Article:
“This MOU is an opportunity to provide a backstop to protect surface water quality even if there are flaws in the cleanup agreement. However, the MOU can only offer this type of reinforcement if some changes are made… To ensure that our concerns are addressed, we request that the Regional Board commit now, within the language of the MOU, to providing a period for written public comments on the monitoring program.”
– Elana Nager, Heal the Bay
Heal the Bay Policy Intern, Elana Nager, provides public testimony at the August 11, 2022 Hearing of the Los Angeles Regional Water Quality Control Board concerning the Santa Susana Field Lab Memorandum of Understanding.
In response to Heal the Bay’s comments, the Regional Board did commit to our recommendation #1, to provide a period for written public comments on the monitoring program — a program that will determine whether the cleanup was successful. We have remaining concerns about how rigorous that monitoring program will be, but by securing a public review we will at least get the chance to address those concerns later on.
Additionally, in response to pressure from Heal the Bay and a community-based coalition (including Parents against Santa Susana Field Lab, Physicians for Social Responsibility, Committee to Bridge the Gap, and Public Employees for Environmental Responsibility), the Regional Board took our recommendation #2 and removed one small word – “or” – from the agreement. This small change will require permit coverage for stormwater discharges associated with past industrial activity, and permit coverage for stormwater discharges associated with construction, as needed for any future cleanup activity. Originally, permit coverage could have only addressed construction activity, which would have been insufficient.
“We request that the ‘or’ in this statement be removed… Coverage must be specifically related to past industrial activity. One word makes a world of a difference.”
– Prince Takano, Heal the Bay
Heal the Bay Policy Intern, Prince Takano, provides public testimony at the August 11, 2022 Hearing of the Los Angeles Regional Water Quality Control Board concerning the Santa Susana Field Lab Memorandum of Understanding.
Although Board Member Christiansen attempted to include provisions for all of Heal the Bay’s recommendations, our two biggest concerns about re-mobilization of contaminated soil and pollution of groundwater were ultimately left unaddressed. In fact, when the Regional Board asked DTSC to address these concerns, DTSC Director Williams responded simply that groundwater will be monitored, and that the geology at this site is complicated. There was no additional discussion.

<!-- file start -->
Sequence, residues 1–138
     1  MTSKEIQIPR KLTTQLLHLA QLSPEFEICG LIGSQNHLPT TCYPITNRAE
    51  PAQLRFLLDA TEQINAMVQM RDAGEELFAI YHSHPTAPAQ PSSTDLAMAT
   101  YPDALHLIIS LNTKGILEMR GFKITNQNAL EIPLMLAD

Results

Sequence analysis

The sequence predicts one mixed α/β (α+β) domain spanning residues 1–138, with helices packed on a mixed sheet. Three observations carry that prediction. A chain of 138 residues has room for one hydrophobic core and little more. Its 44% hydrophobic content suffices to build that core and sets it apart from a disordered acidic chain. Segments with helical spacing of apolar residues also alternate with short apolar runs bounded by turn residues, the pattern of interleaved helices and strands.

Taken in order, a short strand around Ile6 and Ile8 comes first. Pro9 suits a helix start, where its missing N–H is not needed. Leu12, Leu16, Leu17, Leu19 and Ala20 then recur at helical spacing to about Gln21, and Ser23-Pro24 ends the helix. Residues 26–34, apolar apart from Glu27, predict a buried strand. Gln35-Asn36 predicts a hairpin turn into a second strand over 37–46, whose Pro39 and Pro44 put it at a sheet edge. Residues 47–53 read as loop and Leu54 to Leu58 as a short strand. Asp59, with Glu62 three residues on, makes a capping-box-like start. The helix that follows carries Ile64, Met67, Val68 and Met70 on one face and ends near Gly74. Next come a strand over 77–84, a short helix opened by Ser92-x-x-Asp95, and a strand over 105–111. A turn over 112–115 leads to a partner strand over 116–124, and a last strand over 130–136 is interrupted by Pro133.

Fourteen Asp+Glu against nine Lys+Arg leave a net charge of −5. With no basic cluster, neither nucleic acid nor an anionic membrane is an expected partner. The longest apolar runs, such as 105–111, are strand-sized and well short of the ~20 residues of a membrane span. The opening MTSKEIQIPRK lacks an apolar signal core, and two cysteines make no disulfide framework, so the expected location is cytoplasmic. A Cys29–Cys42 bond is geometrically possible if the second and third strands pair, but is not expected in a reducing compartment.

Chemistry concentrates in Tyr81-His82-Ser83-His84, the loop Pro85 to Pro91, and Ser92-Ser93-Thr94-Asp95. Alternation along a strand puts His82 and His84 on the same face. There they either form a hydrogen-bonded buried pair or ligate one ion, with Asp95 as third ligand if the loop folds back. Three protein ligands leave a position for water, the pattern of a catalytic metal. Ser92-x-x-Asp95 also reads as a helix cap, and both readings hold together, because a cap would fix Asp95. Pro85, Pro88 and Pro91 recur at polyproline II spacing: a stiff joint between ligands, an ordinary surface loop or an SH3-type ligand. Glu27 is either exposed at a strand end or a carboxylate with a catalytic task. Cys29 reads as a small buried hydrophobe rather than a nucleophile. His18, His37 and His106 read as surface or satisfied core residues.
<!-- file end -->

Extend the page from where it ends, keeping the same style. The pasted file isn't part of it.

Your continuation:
Even with the severely limited public process, significant remaining concerns, and the hundreds of voices asking for a either a no vote or a delay (including surprising testimony from former Regional Board Chair Lawrence Yee, who attended as a member of the public to ask the Board to reject the agreement), the Regional Board unanimously approved the MOU, with minor edits.
Where do we go from here?
The few small changes to the MOU do ensure a better public process moving forward, but do not ensure that this MOU will protect surface water quality or public health. However, we might have another chance to hold Boeing accountable for contaminated surface water runoff through their current water quality regulations (or discharge permit), which is up for renewal right now and will be upheld until cleanup is complete and they have proven that surface runoff is clean. There will be another Regional Board meeting later this year to discuss that permit. Heal the Bay will be there advocating for a strong permit that is protective of water quality not only in runoff from the site, but also runoff on the site, which can infiltrate into the ground and further contaminate the soils and groundwater. Stay tuned for more information about that meeting, and how you can join Heal the Bay to hold Boeing accountable.
EDITOR NOTE: Since the publishing of this blog post, the Regional Board has reached out to Heal the Bay to clarify that the reduced speaking time offered during the hearing was a direct result of the unusually large turnout from members of the public. The article has been updated to acknowledge these conditions.
Written by Annelisa Moe. As a Heal the Bay Water Quality Scientist, Annelisa helps to keep L.A. water clean and safe by advocating for comprehensive and science-based water quality regulation and enforcement. Before joining the team at Heal the Bay, she worked with the Regional Water Quality Control Board in both the underground storage tank program and the surface water ambient monitoring program.